I was feeling at my most jumpy just as my Dad finished the story. Suddenly, there was a screech in the night and a talon sliced into my head. Realizing I was not dinner, the talon’s cheeky owner disappeared into the darkness of the woodland. I had been attacked by an owl, and what timing!

Upon realizing what had happened, coupled with my scream and clear indignation, my Dad laughed as hard a laugh as I could remember previous to that evening, and indeed, since. In fact, he continued enjoying himself at my expense thirty minutes later as we returned to his jeep. I, however, was bleeding badly and anything but enjoying his amusement, as one might expect from a scared and bloody twelve-year-old boy.

I can only laugh at my memory of the ths as I write, and how wonderful it was to be raised in such a timeless corner of the world.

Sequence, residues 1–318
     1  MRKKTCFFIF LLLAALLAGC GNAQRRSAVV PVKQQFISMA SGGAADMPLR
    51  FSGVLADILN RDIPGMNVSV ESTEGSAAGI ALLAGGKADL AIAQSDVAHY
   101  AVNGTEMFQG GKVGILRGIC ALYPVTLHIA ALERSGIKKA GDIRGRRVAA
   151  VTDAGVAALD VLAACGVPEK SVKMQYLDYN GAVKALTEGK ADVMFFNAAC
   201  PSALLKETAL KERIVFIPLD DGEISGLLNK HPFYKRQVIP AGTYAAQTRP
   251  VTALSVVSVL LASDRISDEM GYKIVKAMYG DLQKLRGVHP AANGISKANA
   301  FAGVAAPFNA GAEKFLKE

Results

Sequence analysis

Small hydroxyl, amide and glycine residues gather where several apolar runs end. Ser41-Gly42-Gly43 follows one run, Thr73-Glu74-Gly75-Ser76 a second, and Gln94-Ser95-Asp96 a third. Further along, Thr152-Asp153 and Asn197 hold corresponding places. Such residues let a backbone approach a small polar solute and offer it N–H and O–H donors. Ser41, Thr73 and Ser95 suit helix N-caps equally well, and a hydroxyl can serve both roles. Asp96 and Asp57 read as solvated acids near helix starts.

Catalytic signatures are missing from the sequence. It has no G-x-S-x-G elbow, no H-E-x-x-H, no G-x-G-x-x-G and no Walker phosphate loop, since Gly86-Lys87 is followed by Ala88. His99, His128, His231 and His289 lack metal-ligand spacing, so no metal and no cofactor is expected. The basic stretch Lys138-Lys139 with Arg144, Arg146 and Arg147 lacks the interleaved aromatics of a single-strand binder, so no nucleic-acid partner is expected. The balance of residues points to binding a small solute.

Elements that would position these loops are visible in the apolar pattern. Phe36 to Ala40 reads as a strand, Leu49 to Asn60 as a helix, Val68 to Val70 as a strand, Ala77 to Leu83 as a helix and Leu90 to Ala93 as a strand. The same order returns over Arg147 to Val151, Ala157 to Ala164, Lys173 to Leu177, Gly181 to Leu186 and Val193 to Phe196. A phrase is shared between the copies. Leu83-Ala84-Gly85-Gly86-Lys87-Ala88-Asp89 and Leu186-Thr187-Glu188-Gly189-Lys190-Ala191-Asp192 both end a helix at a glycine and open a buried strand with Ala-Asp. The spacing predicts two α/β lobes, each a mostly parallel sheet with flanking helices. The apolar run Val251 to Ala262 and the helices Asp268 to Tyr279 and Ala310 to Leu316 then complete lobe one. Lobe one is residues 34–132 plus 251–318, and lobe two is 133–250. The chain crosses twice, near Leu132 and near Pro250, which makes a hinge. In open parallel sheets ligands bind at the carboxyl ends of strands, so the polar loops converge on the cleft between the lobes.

Would you like to see Chavenage House in person? Check out our Cotswolds hiking tour with Rogan O’Herlihy. Rogan will lead our guests to Chavenage House en route to Tebury recounting history (and ghost stories!) along the way.

Chavenage House in Popular Culture


Chavenage House has been featured in a number of films and television programs over the years. More recently, Chavenage served as Candleford Manor in the popular BBC series Lark Rise to Candleford. Chavenage House also serves as Trenwith House in the critically acclaimed 2015 hit TV series Poldark, starring Aidan Turner.

You can stream Poldark and other great shows at pbs.org/masterpiece

Learn More
Chavenage House is historic, but it’s not a museum. It’s a fully functioning home, inhabited by the very warm, welcoming and friendly Lowsley-Williams family. Check out the Chavenage House website for more info about the family, history of the house, photos, video and more.

Chavenage House, South Front | Courtesy of Chavenage House/James Kerr Photography
Chavenage House, East Front | Courtesy of Chavenage House/James Kerr Photography
Captain Ross Poldark (Aidan Turner), coming through the front gates at Chavenage | Courtesy of Chavenage House/Mammoth Screen